Medicines & Your Children

 

MYTHS and FACTS

 

MYTH:It’s safe to “watch for” symptoms at home and then call for help if symptoms worsen.

FACT: Do not ignore any symptom

 

MYTH: Making a child vomit will prevent any absorption of the medicine and prevent harmful effects.

FACT: Induction of vomiting is dangerous and should only be done under medical supervision where applicable.

 

MYTH: Children cannot open containers that have child resistant caps.

FACT: The Gertrudes Poison Center gets many calls about children getting into containers that have child resistant caps; they are not childproof!

 

MYTH: Expired medicines lose their strength and are not harmful.

FACT: It’s impossible to predict the strength of expired medicine; they are harmful. 

 

Prevention Tips

    • 1. Keep all medicines in their original containers.

 

    • 2. Never refer to medicine as candy.

 

    • 3. Never take medicine in front of children. They love to imitate us.

 

    • 4. Do not keep medicine in purses, backpacks or diaper bags.

 

    • 5. Lock up medicines in a “med-safe”. A tackle box with a lock can be used instead.>

 

    • 6. Purchase the smallest available amount and keep track of the number of pills or amount of liquid used. Mark the level on the bottle of liquid after each use.

 

    • 7. Always put the light on when giving or taking medicine. Check the label and dosage every time.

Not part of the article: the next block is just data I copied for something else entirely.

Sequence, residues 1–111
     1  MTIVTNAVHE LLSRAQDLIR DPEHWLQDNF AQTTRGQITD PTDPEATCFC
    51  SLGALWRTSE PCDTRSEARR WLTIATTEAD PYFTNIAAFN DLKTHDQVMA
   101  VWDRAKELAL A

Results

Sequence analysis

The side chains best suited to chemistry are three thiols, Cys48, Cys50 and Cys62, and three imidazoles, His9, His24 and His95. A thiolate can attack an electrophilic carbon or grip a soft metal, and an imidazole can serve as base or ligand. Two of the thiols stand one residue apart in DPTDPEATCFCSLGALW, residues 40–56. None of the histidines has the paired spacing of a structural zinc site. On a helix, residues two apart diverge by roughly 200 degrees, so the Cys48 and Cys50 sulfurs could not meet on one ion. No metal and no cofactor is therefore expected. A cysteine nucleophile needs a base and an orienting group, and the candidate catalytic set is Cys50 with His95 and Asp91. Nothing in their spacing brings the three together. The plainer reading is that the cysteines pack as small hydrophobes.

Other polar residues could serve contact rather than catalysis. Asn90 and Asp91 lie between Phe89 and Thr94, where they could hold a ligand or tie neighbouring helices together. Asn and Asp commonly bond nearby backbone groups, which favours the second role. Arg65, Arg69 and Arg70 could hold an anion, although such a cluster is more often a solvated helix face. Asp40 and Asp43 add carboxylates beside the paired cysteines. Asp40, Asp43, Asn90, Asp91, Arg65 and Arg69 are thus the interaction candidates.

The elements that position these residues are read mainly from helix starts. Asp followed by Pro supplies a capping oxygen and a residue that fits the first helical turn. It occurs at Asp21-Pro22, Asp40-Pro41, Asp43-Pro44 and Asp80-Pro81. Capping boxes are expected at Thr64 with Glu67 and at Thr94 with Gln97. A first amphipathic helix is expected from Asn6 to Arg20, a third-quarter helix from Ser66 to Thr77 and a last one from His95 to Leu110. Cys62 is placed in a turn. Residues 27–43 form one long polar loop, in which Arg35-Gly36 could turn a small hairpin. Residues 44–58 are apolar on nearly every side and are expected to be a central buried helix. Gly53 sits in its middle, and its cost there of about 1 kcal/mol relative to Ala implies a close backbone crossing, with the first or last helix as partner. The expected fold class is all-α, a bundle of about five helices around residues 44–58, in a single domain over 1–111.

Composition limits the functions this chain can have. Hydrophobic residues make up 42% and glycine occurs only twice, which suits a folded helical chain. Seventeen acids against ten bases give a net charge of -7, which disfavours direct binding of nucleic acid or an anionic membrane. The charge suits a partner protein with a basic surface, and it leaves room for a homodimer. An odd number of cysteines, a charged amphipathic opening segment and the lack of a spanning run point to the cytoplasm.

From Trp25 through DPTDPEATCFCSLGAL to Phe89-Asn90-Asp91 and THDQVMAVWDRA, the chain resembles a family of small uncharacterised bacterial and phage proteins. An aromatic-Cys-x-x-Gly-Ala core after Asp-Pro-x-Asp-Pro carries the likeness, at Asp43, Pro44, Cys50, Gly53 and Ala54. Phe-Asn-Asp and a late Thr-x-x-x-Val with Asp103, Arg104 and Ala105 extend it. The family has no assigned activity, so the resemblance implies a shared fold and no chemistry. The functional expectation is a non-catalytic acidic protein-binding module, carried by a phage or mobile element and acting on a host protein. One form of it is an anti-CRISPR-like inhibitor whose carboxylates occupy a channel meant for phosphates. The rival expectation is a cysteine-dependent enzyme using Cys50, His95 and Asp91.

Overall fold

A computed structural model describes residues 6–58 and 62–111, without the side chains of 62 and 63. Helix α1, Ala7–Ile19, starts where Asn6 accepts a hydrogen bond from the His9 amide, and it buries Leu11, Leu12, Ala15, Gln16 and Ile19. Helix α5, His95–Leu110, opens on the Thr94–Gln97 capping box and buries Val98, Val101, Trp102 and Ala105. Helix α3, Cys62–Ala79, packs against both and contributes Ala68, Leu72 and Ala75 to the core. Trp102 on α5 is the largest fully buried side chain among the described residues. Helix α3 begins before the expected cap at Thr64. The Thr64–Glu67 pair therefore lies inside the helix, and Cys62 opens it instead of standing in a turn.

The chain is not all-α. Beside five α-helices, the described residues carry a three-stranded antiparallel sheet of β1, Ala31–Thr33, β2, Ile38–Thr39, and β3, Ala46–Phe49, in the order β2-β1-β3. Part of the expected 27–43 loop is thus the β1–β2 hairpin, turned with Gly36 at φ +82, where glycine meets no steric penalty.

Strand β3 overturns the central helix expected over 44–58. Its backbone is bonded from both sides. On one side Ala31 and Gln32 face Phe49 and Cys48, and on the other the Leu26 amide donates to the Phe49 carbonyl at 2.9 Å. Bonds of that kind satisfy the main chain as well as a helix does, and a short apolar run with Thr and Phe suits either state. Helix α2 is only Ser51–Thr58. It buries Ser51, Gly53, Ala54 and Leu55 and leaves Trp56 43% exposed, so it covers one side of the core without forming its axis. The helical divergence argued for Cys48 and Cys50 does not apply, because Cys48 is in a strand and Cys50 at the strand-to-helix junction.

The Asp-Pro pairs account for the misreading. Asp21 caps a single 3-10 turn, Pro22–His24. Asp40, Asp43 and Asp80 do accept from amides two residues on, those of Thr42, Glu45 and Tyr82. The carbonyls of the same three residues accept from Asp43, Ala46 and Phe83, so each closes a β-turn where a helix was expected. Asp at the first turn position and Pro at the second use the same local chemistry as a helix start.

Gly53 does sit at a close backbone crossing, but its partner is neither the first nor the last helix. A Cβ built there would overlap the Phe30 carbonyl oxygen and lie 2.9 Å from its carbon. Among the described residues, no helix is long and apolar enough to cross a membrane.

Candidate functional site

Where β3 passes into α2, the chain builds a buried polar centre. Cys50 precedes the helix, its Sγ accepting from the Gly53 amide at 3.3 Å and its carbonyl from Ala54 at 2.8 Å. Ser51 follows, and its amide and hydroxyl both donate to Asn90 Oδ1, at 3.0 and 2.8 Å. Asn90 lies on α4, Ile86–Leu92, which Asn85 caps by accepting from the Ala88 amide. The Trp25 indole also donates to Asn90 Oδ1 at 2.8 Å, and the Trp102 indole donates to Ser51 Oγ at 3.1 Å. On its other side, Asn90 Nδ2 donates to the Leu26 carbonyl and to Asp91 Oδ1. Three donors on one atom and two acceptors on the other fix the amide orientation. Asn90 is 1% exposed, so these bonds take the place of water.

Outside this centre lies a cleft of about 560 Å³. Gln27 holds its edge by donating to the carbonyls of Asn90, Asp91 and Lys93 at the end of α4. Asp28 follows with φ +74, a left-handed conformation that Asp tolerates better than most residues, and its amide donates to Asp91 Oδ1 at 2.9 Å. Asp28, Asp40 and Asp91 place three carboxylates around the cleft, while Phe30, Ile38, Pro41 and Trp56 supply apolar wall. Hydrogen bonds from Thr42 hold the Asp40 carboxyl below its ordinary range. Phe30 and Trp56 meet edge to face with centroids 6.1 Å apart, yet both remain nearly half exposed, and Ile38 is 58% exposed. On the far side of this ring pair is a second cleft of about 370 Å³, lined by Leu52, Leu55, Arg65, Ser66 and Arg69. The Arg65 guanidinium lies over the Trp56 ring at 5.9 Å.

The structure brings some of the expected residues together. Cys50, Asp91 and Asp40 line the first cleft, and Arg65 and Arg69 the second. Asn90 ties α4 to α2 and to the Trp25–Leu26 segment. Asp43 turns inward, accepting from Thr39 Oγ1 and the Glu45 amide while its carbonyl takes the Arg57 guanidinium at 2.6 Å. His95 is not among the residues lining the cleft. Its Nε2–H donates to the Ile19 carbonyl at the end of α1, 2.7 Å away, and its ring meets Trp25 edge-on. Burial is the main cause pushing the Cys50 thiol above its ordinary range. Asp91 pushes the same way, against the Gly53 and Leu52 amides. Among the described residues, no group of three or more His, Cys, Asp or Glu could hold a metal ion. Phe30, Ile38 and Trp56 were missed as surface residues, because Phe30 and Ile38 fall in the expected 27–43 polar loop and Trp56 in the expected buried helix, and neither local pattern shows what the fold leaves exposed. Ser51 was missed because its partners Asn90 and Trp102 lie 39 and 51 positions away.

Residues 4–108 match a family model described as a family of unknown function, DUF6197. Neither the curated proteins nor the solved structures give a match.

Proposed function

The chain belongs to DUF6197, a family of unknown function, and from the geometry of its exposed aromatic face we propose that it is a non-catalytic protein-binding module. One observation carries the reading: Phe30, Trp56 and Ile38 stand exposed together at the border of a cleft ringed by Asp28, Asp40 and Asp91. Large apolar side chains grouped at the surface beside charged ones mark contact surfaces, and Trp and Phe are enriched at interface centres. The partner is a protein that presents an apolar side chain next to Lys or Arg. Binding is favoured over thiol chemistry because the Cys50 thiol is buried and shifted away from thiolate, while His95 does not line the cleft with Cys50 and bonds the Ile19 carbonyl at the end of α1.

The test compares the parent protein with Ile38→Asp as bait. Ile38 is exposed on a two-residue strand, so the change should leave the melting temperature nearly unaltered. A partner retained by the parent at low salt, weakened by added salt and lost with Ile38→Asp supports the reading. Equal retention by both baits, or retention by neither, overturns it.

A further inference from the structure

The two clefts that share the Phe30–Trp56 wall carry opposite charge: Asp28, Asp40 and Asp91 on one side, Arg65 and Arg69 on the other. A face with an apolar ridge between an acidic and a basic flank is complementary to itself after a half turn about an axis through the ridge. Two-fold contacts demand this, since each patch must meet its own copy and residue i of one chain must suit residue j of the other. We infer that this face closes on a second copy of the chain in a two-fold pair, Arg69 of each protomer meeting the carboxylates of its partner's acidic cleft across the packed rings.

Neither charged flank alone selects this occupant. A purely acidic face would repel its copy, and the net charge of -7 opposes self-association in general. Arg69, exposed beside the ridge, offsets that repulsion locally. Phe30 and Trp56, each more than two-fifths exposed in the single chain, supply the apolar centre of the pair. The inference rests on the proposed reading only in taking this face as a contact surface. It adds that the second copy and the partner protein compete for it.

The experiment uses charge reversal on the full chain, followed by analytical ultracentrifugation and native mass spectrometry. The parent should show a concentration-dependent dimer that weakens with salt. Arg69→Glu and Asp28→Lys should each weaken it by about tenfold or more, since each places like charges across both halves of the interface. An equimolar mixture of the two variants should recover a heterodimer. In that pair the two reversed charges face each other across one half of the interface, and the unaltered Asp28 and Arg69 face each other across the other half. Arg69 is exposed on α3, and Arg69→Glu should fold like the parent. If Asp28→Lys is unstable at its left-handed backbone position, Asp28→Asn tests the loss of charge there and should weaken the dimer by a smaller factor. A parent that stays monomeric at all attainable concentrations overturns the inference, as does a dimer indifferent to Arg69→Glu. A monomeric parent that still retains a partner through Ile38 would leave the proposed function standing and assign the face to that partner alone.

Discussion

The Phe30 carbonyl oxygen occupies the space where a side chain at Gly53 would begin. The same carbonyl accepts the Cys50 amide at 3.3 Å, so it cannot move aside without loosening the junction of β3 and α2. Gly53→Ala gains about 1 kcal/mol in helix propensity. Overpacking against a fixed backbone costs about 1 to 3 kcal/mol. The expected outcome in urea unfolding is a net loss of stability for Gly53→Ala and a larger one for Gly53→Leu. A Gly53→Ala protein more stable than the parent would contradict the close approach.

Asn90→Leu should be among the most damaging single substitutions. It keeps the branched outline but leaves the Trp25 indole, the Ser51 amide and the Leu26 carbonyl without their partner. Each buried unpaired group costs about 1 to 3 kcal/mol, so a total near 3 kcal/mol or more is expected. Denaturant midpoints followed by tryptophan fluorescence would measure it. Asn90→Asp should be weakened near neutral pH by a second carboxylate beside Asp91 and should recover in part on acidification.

More Tips

    • 1. If interrupted while taking or giving medicine, for example, a phone call or ringing doorbell, take the medicine or child with you to prevent an accident.

 

    • 2. Clean out the medicine cabinet often. Dispose of medications that are expired or no longer being used. Don’t flush medicine or put down the sink.

 

    • 3. Keep the medicine in the bottle with the child resistant cap on.

 

    • 4. Offer houseguests a child safe area for their medicine.

 

  • 5. When traveling with children, check your surroundings carefully to remove harmful medicines and vitamins.

 

Questions the Poison Center Specialist Will Ask:

    • Question 1. HOW is the child now?

 

    • Question 2. WHEN did this happen?

 

    • Question 3.HOW MUCH was taken? The Poison Center Specialist will help you with this.

 

    • Question 4. WHAT is the exact name and/or what are the active ingredients? Bring the container to the phone.

 

    • Question 5. Age, weight, general health, allergies, present medications?

 

    • Question 6. Any other substances taken?

 

    • Question 6. Your name, child’s name, address and phone number.Your information is confidential

 

Be Prepared:

• Have a measuring teaspoon available in case we need to have you measure the medicine that is left.

• A magnifying glass or reading glasses will help you read any fine print on the label.

• The Gertrudes Drug and Poison Information Center is open 24hrs daily, 365 days a year. Poison Specialists are always here to help you.